The Stephan’s quintet – also known as Hickson Compact Group 92 – is a group of five galaxies that are very close to each other. It is located in the direction of the Pegasus constellation and they are approximately 280 million light-years away from Earth.
Four of the five galaxies are so close they interact gravitationally with each other. This means in the future, it is most likely they’ll end up merging with each other.
Stephan’s quintet is the largest, brightest, and most prominent group with these characteristics that has been discovered. This makes it an important object of study for astronomers.
The galaxies that form the quintet are NGC 7319, NGC 7318 a, NGC 7318 b, NGC 7317, and NGC 7320. The latter is the one that doesn’t belong to the main group.
Can Stephan’s quintet be seen with a home telescope?
The magnitude of the galaxies in Stephan’s quintet goes from 13.2 to 14.57. This means the quintet can be fully seen using telescopes with an aperture of 200mm. Under perfect conditions, a high-quality astrophotography home telescope with a 130mm aperture at max power might be able to capture it using a long exposure photo.
The following photo was taken with a Stellarvue SVX130, a 130mm APO refractor telescope. You can see the quintet on the bottom left quadrant.
Stephan’s Quintet photos taken by the James Webb Space telescope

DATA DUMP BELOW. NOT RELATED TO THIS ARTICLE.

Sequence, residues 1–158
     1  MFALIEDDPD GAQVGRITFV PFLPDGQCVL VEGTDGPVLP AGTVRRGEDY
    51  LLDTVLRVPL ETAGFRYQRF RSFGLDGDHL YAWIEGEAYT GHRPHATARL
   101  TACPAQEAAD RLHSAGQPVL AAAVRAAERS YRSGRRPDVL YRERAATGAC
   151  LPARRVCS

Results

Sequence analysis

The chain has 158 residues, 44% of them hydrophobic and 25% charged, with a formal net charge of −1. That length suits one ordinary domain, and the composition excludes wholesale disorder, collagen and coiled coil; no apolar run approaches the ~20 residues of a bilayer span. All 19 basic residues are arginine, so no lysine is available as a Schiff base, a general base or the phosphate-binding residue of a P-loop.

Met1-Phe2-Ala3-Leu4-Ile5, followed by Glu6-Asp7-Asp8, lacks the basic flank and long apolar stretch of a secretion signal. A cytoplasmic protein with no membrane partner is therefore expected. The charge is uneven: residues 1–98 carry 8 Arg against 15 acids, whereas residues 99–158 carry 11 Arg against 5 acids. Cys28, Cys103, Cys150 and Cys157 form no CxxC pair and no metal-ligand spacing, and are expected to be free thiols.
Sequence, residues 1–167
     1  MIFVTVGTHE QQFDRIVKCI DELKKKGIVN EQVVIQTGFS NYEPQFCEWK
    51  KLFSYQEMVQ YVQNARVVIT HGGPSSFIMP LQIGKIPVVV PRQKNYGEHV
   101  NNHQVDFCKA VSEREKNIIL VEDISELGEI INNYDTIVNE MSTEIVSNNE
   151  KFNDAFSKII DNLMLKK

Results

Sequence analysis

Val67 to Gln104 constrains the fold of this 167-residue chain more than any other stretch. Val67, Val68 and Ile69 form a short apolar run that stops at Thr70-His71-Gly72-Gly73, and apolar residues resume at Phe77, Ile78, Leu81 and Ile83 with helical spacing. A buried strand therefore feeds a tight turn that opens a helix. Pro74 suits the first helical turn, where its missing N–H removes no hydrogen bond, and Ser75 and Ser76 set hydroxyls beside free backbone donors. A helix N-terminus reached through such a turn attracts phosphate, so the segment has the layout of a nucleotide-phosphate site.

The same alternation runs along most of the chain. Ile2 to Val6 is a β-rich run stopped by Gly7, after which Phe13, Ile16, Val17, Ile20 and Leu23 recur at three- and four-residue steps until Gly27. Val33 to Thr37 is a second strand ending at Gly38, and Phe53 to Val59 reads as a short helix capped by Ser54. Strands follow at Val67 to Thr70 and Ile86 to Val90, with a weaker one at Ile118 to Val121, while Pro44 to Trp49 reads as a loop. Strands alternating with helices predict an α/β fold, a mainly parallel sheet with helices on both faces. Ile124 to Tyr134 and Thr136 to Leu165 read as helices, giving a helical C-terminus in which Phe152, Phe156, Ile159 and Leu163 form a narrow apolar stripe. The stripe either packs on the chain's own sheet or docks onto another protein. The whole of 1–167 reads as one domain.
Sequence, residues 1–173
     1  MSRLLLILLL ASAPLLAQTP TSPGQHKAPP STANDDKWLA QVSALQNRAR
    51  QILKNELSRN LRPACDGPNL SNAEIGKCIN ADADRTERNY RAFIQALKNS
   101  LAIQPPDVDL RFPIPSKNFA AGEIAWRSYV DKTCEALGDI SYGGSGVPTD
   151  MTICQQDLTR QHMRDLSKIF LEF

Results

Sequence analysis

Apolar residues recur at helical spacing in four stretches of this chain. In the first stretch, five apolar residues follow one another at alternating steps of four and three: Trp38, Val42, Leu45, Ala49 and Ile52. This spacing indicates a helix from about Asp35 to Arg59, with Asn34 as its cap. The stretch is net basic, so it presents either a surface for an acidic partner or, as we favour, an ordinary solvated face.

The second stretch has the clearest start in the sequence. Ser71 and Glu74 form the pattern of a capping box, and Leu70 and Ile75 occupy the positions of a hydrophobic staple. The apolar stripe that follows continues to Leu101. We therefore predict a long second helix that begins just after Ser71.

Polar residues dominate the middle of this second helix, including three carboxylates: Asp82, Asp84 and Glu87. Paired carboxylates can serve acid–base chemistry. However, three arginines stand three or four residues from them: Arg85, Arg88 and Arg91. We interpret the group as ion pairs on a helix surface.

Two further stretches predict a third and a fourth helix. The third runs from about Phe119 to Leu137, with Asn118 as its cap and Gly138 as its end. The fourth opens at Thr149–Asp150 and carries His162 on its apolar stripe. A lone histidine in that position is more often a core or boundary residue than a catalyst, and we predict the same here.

On July 12, 2022, NASA released the first high-resolution images taken by the brand new James Webb Space telescope. The most powerful telescope in orbit and the successor to the Hubble.
One of these impressive pictures is a composite, detailed image of Stephan’s quintet. Because the JWST works with a lot of infrared data, the image is a composite of the visual spectrum and the infrared wavelengths that we wouldn’t normally see.
The result is quite impressive.
Stephan’s Quintet photos taken by the Hubble telescope
The following photos of the quintet have been taken by the Hubble telescope. Click for bigger resolution versions.
All credit goes to NASA and ESA.
At the upper left of the picture, you can see NGC 7320. That is the galaxy that isn’t in the group. It is actually located about seven times closer to Earth than the rest and just appears to be grouped with the rest from our perspective.
The image has also been cleaned to eliminate noise.
This photo is a composite made using X-ray and visual spectrum photos. Taken by the Canada-France-Hawai observatory.